— Sister Carole M. Stephens
  4. "Christo in Bronze," by J. Kirk Richards

  5. I know He lives. What joy this sentence gives.


  6. Easter Sunday

    "This is Easter morning. This is the Lord’s day, when we celebrate the greatest victory of all time, the victory over death.

    There is nothing more universal than death, and nothing brighter with hope and faith than the assurance of immortality. The abject sorrow that comes with death, the bereavement that follows the passing of a loved one are mitigated only by the certainty of the Resurrection of the Son of God that first Easter morning.

    What meaning would life have without the reality of immortality? Otherwise life would become only a dismal journey of “getting and spending,” only to end in utter and hopeless oblivion.

    The pain of death is swallowed up in the peace of eternal life. Of all the events of the chronicles of humanity, none is of such consequence as this,” (President Hinckley, “This Glorious Easter Morn”)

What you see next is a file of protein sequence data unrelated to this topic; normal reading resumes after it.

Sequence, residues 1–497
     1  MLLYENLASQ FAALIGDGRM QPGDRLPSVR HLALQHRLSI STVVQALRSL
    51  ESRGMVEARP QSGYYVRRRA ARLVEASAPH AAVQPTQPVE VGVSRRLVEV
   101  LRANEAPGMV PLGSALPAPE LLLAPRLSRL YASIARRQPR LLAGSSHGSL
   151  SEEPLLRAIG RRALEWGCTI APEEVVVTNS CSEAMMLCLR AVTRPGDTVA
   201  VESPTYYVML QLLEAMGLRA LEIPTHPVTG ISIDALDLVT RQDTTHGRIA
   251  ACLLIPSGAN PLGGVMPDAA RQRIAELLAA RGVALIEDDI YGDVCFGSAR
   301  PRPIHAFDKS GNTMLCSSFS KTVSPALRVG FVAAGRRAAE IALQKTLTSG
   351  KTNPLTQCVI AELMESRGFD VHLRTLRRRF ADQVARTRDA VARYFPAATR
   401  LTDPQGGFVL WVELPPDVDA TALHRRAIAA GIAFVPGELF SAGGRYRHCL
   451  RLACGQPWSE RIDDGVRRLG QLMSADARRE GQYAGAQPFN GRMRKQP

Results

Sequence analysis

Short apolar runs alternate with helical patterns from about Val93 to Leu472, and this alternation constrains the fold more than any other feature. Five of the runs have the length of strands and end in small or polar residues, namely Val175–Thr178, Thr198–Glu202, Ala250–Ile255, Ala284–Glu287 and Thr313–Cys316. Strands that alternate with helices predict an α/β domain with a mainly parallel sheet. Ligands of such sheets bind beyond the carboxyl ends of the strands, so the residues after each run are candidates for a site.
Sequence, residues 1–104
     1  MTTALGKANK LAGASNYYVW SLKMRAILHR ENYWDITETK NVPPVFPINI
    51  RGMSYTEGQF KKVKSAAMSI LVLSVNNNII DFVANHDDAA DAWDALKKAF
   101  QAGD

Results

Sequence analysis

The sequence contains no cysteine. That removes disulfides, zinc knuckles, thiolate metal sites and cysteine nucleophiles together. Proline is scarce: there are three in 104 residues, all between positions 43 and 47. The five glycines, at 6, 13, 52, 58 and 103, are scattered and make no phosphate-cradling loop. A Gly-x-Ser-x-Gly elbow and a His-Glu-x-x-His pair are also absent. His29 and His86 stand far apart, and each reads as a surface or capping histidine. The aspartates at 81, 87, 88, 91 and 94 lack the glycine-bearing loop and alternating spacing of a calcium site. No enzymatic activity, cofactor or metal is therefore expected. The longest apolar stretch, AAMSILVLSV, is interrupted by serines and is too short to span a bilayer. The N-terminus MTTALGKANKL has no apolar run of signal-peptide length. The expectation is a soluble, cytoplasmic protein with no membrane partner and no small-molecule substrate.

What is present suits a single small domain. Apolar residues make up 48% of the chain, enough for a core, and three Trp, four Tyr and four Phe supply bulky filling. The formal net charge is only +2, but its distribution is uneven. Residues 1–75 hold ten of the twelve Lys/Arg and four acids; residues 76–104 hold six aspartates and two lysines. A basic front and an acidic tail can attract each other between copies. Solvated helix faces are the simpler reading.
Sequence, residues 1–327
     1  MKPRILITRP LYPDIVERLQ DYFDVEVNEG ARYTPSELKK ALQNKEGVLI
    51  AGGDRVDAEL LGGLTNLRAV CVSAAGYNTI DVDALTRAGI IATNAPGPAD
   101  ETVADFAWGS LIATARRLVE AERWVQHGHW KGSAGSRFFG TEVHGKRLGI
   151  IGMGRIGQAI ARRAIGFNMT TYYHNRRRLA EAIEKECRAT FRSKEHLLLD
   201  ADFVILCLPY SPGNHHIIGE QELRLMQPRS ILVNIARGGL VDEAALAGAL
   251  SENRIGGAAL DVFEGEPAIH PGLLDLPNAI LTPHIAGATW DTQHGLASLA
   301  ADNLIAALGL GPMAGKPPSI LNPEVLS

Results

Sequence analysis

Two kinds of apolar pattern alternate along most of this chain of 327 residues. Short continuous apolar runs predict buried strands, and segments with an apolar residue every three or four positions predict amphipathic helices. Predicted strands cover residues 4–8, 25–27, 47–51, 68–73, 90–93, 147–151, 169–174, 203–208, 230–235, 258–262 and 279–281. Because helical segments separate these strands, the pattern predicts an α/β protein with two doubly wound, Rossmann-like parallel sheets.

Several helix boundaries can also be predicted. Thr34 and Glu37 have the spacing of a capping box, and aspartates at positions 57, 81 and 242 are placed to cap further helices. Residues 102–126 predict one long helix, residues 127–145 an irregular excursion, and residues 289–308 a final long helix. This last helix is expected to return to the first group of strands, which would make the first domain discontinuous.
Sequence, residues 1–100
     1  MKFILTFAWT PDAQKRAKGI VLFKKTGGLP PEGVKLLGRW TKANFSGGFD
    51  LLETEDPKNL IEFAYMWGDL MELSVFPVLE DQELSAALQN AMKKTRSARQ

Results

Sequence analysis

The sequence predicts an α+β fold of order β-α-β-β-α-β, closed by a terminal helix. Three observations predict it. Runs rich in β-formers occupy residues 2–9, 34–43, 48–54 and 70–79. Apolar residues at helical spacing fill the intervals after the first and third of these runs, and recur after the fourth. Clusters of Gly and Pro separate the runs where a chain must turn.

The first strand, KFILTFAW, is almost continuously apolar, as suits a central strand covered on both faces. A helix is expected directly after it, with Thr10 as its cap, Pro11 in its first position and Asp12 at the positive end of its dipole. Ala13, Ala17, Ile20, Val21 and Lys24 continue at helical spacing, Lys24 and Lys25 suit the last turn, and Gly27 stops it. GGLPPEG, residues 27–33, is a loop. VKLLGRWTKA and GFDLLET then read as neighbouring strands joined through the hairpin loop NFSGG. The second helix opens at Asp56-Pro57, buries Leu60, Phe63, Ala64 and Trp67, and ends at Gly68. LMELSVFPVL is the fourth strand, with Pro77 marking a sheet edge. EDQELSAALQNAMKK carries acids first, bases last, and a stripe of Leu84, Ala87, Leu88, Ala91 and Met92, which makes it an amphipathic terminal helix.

"Even with the logic of nature’s regeneration and even with the testimony of that empty garden tomb, there are still those who feel the grave is a final destination. But the doctrine of the Resurrection is the single most fundamental and crucial doctrine in the Christian religion. It cannot be overemphasized, nor can it be disregarded.

    Without the Resurrection, the gospel of Jesus Christ becomes a litany of wise sayings and seemingly unexplainable miracles—but sayings and miracles with no ultimate triumph. No, the ultimate triumph is in the ultimate miracle: for the first time in the history of mankind, one who was dead raised himself into living immortality. He was the Son of God, the Son of our immortal Father in Heaven, and his triumph over physical and spiritual death is the good news every Christian tongue should speak.

    The eternal truth is that Jesus Christ arose from the grave and was the firstfruits of the Resurrection. The witnesses of this wonderful occurrence cannot be impeached,” (President Hunter, “An Apostle’s Witness of the Resurrection”)